Fig. 2
Abscess area of lung, showing heavy acute inflammatory infiltrate and clumps of colonies (shown by arrow marks) of plague bacilli (HE, 400x).

In view of the acute clinical presentation, rapid downhill course, typical postmortem findings and strongly positive serology, a diagnosis of pneumonic plague was made. It was eventually confirmed by PCR.

Discussion

Plague, an ancient scourge of mankind, was familiar to the ancient civilizations of Asia. It has never been an important disease in the Armed forces. Only 11 cases of plague have been recorded since 1946 [3] and the case now reported appears to be the 12th. Pneumonic plague occurs frequently in an epidemic form as happened in India in September 1994. The mortality in this outbreak was only 54 [4], although media reports put the number affected at about 3000. Controversy exists about the very nature of the bacteria causing this epidemic. The report of Ramalingaswami committee has confirmed this epidemic to be plague but doubts have been raised about its reliability by others [5,6]. Pneumonic plague is especially dangerous to the patient's attendants and visitors because of the multitude of bacilli which are scattered about in the patient's expectoration. The clinical symptoms are unlike those of typical plague and are apt to be mistaken for some ordinary form of lung disease. Surprisingly in our case there no history of the deceased leaving the town during the preceding month and this was the first confirmed positive case of plague in this region. The cause of infection remained an enigma. Although the deceased was staying in barracks no other case occurred. This may be due to prompt preventive measures. No rat fall was noted however, since this was the only isolated case of plague, so no rat fall was expected. The patient might have acquired infection from a visitor passing through this area. Primary plague pneumonia is a fulminant pneumonitis often with bloody, frothy sputum, sepsis and is usually fatal unless specific treatment is started within a few hours after onset [7]. However in our patient there was no bloody sputum. The plague bacilli in the sputum were missed during the ante-mortem examination. Postmortem direct sputum smear showed bipolar stained cocco-bacilli, however culture was negative for plague bacilli probably because of non-viable bacteria present. In plague the white blood cell is elevated to levels often above 20,000/cumm with predominance of polymorphonuclear leukocytes. In this case TLC was 6000/cumm and the reasons for this are not known. This case was treated with drugs, details of which are unknown, before admission. Steroids are known to suppress leukocytic response. In plague the whole vascular system is often seriously involved. Endotoxin affects the vascular endothelium of all organs causing haemorrhage and necrosis [8]. This is what exactly happened in our patient and histopathological findings were classically as described earlier [2,8].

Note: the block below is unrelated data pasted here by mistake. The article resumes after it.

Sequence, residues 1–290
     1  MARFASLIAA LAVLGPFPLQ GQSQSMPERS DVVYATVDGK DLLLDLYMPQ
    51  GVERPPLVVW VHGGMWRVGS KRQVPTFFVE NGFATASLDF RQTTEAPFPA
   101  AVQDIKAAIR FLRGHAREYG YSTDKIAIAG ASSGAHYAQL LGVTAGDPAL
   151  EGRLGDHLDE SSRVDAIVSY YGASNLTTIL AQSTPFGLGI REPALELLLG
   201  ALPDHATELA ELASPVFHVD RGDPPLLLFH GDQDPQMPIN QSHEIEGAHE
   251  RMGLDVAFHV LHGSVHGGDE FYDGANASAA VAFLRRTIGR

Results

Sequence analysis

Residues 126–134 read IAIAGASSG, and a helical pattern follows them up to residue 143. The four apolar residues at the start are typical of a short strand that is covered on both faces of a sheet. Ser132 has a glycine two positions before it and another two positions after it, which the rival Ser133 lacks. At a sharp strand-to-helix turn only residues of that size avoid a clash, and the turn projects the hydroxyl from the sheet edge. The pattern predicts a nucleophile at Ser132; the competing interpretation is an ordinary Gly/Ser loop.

REFERENCES

1.  . Plague. In: Park JE, Park K, editors. Textbook of Preventive and Social Medicine. 13th ed. Banarsidas Bhanot; Jabalpur: 1991. pp. 198–202.
2.  . Plague. In: Manson-Bahr PEC, Bell DR, editors. Manson's Tropical Diseases. 19th ed. Bailliere Tindall; London: 1991. pp. 586–602.
3. Director General Armed Forces Medical Services Manual of Health for the Armed Forces. New Delhi: Controller of Publications, Government of India. 1968:595–599.
4. Datta KK. Plague. Natl Med J India. 1995;8:51–53. [PubMed]
5. John TJ. India: Is it plague? Lancet. 1994;344:359–360.
6. Nagoba BS, Deshpande JJ. Plague in India. Lancet. 1995;345:259. [PubMed]
7. Crook LD, Tempest B. Plague: A Review of 27 cases. Arch Intern Med. 1992;152:1253–1255. [PubMed]
8.  . Plague. In: Edington GM, Gilles HM, editors. Pathology in the Tropics. 2nd ed. Edward Arnold; London: 1976. pp. 334–335.

Articles from Medical Journal, Armed Forces India are provided here courtesy of Elsevier